But how do we make this happen? How do we plan to put in place and maintain over time such infrastructure in Space? The bridge between where we are today and where we will be tomorrow is represented by the new generation rockets being developed all around the world. Lowering by 50% the cost of access to Space will be a driving force for the development of a wealth of new services (the only one thing that has not changed in so many years is that we need to defeat gravity to get there!). Again, the US leads the way with a powerful wave of visionary innovators, entrepreneurs who have had the courage to dream, work hard and deliver to make this happen. The cases of Elon Musk with Space X and Jeff Bezos with Blue Origin speak for themselves, ventures that have pushed the American dream to access Space efficiently one step further with respect to the time of the Space Shuttle program.
Private initiatives with venture capital backing exceeding 3.5 billion dollars annually, a 10x difference with respect to venture capital funding in the sector only 5 years ago. In Italy, Avio – a small yet experienced rocket manufacturer – became the first ever public company listed on a regulated market to develop, manufacture and launch rockets to Space (350 million dollar market cap, 440 million dollar revenues growing at a 15% CAGR over the last five years, delivering over 20% return on capital employed). Avio also reached a number of other “first” with its flagship product Vega, such as becoming the fastest rocket ever to reach the highest reliability record (94% probability of success for the next flight) following 14 successful launches in-a-raw since the maiden flight in 2012. Avio was also the first manufacturer to develop the world’s largest monolithic solid rocket motor (142 tons of propellant) in lightweight carbon fiber, with the lowest inert mass ever. To achieve this Avio experimented a new operating model to involve its people and engage them with a single purpose: 70 managers decided to jointly acquire a 4% stake in the company and list the rest in the stock market in the format of a public company to support faster growth. Such approach allows leveraging significant financial resources supporting accelerated investment (exceeding 50% of annual cash generation).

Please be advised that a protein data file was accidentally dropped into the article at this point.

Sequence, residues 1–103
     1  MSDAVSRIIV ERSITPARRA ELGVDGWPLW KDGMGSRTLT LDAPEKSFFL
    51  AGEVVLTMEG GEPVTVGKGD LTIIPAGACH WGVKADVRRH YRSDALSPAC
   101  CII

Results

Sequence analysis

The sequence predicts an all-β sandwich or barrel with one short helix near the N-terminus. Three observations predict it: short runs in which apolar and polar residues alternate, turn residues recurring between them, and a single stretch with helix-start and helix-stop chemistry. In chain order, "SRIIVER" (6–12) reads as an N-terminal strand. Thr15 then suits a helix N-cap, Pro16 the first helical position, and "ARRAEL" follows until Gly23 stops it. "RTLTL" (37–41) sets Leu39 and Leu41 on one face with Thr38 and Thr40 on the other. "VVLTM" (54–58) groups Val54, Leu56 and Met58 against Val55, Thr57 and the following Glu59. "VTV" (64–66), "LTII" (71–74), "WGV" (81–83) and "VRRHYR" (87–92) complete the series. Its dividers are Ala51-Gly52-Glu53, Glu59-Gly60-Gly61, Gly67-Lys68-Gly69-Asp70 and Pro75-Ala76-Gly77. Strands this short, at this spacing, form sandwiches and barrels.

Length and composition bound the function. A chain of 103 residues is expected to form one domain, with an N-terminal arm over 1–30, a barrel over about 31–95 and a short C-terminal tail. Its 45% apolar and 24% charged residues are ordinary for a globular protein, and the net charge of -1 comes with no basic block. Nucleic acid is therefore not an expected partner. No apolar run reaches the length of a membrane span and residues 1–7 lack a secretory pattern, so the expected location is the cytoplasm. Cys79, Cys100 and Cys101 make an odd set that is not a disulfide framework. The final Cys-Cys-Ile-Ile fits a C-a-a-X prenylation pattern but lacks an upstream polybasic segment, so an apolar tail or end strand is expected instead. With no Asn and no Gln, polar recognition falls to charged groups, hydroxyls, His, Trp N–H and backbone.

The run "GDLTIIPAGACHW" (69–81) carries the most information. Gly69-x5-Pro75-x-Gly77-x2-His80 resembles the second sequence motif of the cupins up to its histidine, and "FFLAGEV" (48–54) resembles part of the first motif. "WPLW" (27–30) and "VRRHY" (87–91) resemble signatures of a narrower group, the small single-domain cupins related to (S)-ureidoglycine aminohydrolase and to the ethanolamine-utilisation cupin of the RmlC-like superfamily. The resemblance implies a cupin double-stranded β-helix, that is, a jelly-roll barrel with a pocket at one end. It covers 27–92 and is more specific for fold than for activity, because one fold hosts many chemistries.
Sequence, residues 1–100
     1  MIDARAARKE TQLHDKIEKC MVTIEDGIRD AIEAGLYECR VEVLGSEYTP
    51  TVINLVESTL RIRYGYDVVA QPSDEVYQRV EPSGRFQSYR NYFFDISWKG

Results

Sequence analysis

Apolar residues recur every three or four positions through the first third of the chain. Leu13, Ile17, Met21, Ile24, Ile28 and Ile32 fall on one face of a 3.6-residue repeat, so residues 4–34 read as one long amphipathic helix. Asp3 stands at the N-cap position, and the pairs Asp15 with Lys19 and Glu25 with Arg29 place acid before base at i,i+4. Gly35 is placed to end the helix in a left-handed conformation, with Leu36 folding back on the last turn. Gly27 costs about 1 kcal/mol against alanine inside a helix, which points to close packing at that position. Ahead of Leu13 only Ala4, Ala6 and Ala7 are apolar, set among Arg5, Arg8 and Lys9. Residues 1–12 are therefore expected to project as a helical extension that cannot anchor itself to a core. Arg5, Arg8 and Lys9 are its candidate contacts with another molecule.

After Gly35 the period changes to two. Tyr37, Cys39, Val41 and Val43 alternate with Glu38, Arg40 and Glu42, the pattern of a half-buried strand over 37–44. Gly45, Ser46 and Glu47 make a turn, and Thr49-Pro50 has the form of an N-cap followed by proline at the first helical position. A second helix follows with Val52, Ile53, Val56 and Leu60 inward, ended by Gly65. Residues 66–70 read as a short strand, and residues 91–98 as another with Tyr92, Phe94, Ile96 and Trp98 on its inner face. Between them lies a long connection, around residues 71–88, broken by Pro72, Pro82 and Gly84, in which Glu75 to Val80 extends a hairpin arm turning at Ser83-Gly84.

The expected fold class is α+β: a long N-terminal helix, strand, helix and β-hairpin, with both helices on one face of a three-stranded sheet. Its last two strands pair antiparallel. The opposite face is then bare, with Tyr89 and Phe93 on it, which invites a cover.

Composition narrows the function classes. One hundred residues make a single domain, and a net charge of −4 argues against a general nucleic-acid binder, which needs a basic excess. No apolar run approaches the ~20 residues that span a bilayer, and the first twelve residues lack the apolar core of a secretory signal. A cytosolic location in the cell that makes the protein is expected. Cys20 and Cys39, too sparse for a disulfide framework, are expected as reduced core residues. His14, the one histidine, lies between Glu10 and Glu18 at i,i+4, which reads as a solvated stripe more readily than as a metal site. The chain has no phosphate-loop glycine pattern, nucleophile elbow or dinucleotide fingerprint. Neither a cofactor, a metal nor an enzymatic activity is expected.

The latest-generation Google maps images are taken every day from Skybox satellites, which were launched on a Vega rocket (Italy-US again together in Space!). Avio, through its partnership with Arianespace, has also recently conquered presence in new markets such as South Korea, Thailand, Japan, and the United Arab Emirates thanks to the performance of its products. More and more countries such as Morocco and Peru have been recently “transported” into Space for the first time with Vega, broadening the number of sovereign countries now having access to such an important resource for their future. One important step in democratizing the global economy and fostering innovation.
Will the US and Italy restore the unique and strategic nature of cooperation in Space for the future? No doubt the countries, 60 years down the road of discovering Space, maintain the same passion for exploration and discovery they used to have and continue to field uniquely competent human capital to make it happen. Stay tuned…